Posted on Thursday, January 5th, 2012 by Angie Han
We first heard about Jill Sprecher‘s Thin Ice when Greg Kinnear, Billy Crudup, and Alan Arkin signed on to star almost two years ago, back when it was still titled The Convincer. But the film hasn’t drawn much attention since then; even after it premiered at last year’s Sundance, I don’t remember hearing much about it. After seeing this sharp new trailer, though, I’m happy to be reminded of its existence.
In what sort of looks like Fargo-lite without aping the Coen Bros. too closely, Kinnear plays Mickey, a down-on-his-luck insurance agent in Kenosha, Wisconson. He stumbles across an opportunity to make some shady money off of one of his customers (Arkin), who’s unaware of the true value of one of his possessions. Unfortunately, Mickey makes the mistake of involving an unpredictable ex-con (Crudup) in his exploits, and from there things quickly spin out of control. Watch the trailer after the jump.
[via First Showing]
Head over to Apple for the hi-res version.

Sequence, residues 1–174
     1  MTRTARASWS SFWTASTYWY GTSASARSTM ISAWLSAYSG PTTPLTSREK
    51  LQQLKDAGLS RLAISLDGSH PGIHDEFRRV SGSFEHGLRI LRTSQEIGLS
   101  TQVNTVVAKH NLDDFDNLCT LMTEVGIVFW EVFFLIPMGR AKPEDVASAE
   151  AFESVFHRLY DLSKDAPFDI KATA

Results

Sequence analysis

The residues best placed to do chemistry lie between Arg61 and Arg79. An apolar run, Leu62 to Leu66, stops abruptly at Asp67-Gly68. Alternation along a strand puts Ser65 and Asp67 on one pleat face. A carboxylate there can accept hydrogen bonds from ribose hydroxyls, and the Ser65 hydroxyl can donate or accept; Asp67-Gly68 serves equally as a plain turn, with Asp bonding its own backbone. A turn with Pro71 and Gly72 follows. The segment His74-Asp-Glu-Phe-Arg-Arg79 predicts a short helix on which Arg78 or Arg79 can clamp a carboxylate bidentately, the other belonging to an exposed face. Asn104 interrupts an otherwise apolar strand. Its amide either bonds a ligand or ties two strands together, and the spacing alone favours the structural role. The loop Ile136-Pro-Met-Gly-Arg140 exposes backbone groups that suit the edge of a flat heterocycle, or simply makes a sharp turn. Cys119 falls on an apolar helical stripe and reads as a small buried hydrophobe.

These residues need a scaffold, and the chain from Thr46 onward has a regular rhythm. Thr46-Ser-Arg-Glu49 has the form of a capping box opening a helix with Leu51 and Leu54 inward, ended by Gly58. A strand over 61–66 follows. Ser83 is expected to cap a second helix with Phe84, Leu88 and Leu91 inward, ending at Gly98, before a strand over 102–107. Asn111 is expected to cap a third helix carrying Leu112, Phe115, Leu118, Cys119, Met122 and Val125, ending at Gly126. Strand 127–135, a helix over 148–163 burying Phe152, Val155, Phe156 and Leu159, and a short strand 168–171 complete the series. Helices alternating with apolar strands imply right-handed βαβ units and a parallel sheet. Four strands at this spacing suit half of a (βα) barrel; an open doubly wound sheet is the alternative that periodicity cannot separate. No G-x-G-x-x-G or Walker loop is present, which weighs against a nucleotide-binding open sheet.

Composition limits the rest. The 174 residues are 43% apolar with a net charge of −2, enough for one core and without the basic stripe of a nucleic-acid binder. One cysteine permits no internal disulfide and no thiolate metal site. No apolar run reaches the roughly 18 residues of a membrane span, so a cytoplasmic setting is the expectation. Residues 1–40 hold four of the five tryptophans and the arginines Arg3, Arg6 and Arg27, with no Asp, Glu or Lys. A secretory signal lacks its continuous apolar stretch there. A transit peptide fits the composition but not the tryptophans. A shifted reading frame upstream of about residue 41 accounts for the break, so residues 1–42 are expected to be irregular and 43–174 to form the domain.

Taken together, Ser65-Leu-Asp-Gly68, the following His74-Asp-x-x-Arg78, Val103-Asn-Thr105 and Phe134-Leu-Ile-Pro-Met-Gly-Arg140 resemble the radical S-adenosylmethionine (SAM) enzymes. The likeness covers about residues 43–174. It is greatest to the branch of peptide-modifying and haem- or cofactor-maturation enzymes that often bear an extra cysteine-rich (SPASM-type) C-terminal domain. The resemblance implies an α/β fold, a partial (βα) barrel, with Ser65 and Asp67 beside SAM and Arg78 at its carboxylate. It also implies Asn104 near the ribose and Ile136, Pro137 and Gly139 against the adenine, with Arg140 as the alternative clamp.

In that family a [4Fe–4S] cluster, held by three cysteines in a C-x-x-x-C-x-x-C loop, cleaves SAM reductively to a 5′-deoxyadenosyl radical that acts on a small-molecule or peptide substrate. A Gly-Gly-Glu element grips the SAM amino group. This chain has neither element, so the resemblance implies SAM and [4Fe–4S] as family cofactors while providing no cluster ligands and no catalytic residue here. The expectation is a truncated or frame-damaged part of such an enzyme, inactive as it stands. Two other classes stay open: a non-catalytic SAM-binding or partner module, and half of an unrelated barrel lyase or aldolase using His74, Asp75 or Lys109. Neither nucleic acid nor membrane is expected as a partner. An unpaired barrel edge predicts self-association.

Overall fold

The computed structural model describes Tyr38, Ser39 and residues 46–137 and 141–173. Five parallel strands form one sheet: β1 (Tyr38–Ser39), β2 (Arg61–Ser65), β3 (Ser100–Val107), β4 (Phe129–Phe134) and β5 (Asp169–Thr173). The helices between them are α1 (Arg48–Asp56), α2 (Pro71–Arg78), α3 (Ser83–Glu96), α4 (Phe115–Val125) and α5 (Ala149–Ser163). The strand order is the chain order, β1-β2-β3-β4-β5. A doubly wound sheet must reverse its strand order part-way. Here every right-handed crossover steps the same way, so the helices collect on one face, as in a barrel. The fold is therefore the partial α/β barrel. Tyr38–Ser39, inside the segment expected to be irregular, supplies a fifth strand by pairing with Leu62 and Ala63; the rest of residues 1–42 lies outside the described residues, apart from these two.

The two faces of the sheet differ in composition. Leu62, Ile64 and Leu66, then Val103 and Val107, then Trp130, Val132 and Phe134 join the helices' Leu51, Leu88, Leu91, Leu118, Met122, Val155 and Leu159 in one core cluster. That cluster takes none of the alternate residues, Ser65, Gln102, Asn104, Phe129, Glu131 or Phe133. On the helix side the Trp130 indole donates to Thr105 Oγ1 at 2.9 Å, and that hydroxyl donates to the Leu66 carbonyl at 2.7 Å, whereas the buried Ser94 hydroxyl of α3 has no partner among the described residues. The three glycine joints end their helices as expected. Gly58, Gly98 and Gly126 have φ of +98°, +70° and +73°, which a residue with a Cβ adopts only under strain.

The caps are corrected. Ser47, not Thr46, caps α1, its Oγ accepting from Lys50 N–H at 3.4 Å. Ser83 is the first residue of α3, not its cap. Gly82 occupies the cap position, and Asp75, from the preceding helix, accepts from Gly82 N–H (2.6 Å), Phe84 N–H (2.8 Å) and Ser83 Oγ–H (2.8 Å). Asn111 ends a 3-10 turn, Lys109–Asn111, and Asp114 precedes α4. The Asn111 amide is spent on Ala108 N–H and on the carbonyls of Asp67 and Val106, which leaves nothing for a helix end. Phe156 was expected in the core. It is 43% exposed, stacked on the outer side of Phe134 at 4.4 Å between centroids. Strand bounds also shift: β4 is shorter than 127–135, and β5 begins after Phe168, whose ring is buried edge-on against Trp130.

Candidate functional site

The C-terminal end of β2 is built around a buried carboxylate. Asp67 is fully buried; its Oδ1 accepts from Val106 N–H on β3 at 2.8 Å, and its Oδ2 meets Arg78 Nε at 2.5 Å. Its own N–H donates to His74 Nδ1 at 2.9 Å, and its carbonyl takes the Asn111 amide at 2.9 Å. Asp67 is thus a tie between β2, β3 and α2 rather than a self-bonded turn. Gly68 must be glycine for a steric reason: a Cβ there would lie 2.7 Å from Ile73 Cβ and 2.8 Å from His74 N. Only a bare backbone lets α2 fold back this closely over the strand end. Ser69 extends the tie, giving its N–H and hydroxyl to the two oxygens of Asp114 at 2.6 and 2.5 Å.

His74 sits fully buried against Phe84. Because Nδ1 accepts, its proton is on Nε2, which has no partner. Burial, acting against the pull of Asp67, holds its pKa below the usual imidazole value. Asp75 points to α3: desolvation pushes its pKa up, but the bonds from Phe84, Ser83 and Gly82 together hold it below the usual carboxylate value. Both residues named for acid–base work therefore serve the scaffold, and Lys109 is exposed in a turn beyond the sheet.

The cast, which also includes Lea Thompson and Bob Balaban, looks strong overall, but Kinnear’s talents (and his face, somehow) seem particularly well suited for this offbeat mix of dark humor and noirish thrills. Thin Ice received positive reviews at last year’s festival, though some critics noted that it might not have much commercial appeal. If the latter proves true, it’ll be too bad, because this looks like a smart little comedy.
The film gets a limited release February 17, the same weekend as Ghost Rider: Spirit of Vengeance, The Secret World of Arrietty, and This Means War.
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Mickey Prohaska (Greg Kinnear) is a small-time insurance agent looking for a way to jump-start his business, reunite with his estranged wife (Lea Thompson) and escape the frigid Wisconsin weather. This self-proclaimed master of spin believes that salesmanship is about selling a story — all he needs is a sucker willing to buy it. He hits pay dirt with a lonely retired farmer (Alan Arkin) who is sitting on something much bigger than an insurance commission. But Mickey’s attempt to con the old man spins out of control when a nosy, unstable locksmith (Billy Crudup) with a volatile temper dramatically ups the stakes, trapping him in a madcap spiral of danger, deceit and double-crossing. Blending dark comedy and delirious Midwestern noir, THIN ICE reaches a breaking point that no one — least of all Mickey Prohaska — could ever see coming.